Then again, major commerce brands deploy new updates every few weeks, while Amazon does it every 11.7 seconds. And we know now why it leads the race.
Works best for agile marketing:
Headless commerce solutions are technology-friendly; it supports it as and when it comes. It is perfect for brands when designing new consumer experiences. Also, it places your marketing team back in the game where they can roll out multiple sites across different brands, geographies, portfolios, and divisions.
Owing to the flexibility of headless commerce solutions, marketing teams can set up sites in days and weeks and not months and years, reducing the overall campaign launch hours.
Making customers feel connected to the brand:
Indeed, customers demand changes at lightspeed; however, their objective remains the same- to achieve a personal and consistent experience across all devices and channels.
Customers like buying more from headless commerce stores only because it understands their needs. A developer can use the backend data regarding customer preferences and use this to power personalization engines on the CMS, mobile apps, and social channels.
Allow seamless integrations:
By superiority, headless commerce platforms must have an API that makes it easier to integrate and communicate with different channels. It must be compatible with any new or old device to reach more customers, find more opportunities, and grow your brand. More so, it should not take months to allow for such integrations, rather hours.
And headless commerce stands true to all that.
Better conversion optimization rates:
Using headless commerce platforms, you can test different templates, strategies, and approaches to work for your brand. It allows brands to run several tests and optimization cycles to understand their customers better and improve their conversion rates. You can even work on the different backends while running the same frontend architecture. Since you employ solutions to boost positive customer experiences, it easily betters your conversion rates.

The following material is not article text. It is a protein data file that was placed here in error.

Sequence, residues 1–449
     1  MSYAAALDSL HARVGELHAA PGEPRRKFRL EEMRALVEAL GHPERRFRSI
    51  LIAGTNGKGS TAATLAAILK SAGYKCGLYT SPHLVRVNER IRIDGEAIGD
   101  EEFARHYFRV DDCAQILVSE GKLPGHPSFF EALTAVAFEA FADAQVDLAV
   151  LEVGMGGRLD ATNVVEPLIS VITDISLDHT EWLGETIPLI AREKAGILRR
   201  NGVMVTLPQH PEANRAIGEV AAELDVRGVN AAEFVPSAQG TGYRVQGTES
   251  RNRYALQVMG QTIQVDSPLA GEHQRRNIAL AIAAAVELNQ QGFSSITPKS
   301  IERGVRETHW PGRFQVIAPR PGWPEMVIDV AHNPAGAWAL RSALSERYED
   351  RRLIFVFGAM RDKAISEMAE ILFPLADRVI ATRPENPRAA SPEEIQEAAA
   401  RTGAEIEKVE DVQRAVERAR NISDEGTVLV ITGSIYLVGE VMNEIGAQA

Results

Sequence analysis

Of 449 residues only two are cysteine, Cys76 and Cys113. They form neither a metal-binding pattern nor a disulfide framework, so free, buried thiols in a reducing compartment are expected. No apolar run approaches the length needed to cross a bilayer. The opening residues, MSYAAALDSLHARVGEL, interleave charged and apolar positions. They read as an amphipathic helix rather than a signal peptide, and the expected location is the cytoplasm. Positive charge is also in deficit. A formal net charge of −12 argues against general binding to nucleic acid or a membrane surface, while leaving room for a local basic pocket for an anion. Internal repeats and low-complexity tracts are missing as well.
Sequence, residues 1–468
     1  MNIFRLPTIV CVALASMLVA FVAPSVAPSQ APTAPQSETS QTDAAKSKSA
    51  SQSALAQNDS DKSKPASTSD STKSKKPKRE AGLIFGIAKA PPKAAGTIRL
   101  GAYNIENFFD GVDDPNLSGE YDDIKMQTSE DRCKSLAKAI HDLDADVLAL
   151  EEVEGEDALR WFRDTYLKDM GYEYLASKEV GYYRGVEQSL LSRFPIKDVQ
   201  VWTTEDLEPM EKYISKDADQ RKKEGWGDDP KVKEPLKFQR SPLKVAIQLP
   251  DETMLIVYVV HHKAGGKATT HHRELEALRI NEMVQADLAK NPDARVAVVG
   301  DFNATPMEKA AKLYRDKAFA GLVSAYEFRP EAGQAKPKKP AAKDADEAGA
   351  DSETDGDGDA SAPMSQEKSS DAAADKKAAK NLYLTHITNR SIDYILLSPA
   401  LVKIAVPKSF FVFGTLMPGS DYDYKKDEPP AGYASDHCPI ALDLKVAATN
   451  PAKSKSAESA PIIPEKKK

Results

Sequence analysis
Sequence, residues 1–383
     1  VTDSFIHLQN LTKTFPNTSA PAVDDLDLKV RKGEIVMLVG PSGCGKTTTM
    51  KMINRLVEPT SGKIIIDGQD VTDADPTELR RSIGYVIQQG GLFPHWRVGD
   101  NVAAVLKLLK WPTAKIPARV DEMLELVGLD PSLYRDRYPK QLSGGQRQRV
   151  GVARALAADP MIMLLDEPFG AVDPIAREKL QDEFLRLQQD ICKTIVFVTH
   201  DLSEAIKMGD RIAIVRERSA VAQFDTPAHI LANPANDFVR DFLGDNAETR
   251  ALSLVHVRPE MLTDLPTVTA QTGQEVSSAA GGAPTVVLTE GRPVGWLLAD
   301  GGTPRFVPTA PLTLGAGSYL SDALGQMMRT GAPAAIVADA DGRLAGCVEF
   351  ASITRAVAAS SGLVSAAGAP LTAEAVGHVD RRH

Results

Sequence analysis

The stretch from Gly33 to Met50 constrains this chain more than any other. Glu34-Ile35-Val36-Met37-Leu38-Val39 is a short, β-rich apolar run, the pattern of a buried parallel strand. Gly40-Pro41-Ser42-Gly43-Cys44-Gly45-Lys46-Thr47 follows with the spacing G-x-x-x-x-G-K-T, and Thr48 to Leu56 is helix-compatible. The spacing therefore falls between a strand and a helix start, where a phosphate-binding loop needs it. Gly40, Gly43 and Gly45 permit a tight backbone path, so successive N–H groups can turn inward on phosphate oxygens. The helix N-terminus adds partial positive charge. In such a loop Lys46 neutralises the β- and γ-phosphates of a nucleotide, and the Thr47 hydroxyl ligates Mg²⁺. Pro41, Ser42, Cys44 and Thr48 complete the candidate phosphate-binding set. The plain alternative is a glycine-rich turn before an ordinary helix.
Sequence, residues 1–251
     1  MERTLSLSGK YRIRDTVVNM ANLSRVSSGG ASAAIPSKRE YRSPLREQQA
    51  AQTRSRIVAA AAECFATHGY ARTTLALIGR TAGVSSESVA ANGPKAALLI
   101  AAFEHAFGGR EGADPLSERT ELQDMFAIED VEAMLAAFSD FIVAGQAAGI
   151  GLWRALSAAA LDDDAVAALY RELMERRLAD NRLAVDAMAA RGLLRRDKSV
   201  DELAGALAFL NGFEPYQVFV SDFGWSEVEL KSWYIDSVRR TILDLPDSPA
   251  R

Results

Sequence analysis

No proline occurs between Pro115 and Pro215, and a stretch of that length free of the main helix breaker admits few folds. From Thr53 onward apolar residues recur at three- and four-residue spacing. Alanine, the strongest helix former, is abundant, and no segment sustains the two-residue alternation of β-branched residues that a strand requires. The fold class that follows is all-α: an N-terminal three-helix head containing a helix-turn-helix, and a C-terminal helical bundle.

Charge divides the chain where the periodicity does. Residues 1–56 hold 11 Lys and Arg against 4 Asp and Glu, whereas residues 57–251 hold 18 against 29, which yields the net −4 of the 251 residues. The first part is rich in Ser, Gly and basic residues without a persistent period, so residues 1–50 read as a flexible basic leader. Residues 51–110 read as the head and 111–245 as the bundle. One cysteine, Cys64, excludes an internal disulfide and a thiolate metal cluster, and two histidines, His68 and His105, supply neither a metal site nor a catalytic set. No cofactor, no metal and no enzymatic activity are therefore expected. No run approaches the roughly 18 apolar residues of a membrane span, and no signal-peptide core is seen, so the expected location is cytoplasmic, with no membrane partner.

If you wish to create a multi-channel, or multi-location, or omnichannel retail experience, you can’t think of doing the same with a traditional eCommerce platform. Your competition will be far ahead of you before you are thoroughly done with the scaling and the optimization.
As for headless commerce solutions, it enables the brand to focus on building a user-centric frontend on different devices and touchpoints; meanwhile, you house the products and content centrally, delivering results via an API call as and when required. In time, it facilitates a faster time-to-market metric, especially when adopting new channels, exploring new locales, and expanding into new customer markets.
Headless Commerce platforms like Magento are not one without their cons. And some issues need addressing.
Building a frontend from scratch is time-consuming & costly:
While headless commerce solutions do not come with a frontend, developers need to develop a bespoke experience for every device, and touchpoint from scratch, which is exciting but building those templates and user experiences is tedious and costly. Plus, developers will have to troubleshoot their frontend, leading to an overall increase in the cost.
A huge dependence for the marketing team:
On the other hand, the marketing team highly depends on the developers to launch landing pages and content to different devices because a headless commerce platform offers no frontend.
It restricts the freedom of marketers to ideate, create, approve, preview, and publish content without relying on another department. So, it might be a developer-friendly environment, but it isn’t so much marketer-friendly.
Let’s agree on one thing: the future of commerce is headless.
Headless commerce platforms solve several problems with their decoupled frontend. It is the perfect alternative to traditional commerce that no longer meets the needs of modern shoppers. It allows brands to gain greater control over the design of the eCommerce store and customer experiences. It will enable easy and quick updates, seamless integrations with plugins or platforms, and saves a lot of money in the long run.
As a brand, if you’re just starting into the eCommerce market, go headless.
And for those already neck-deep into the eCommerce maze, it’s time for you to go headless.
Get a free consultation today.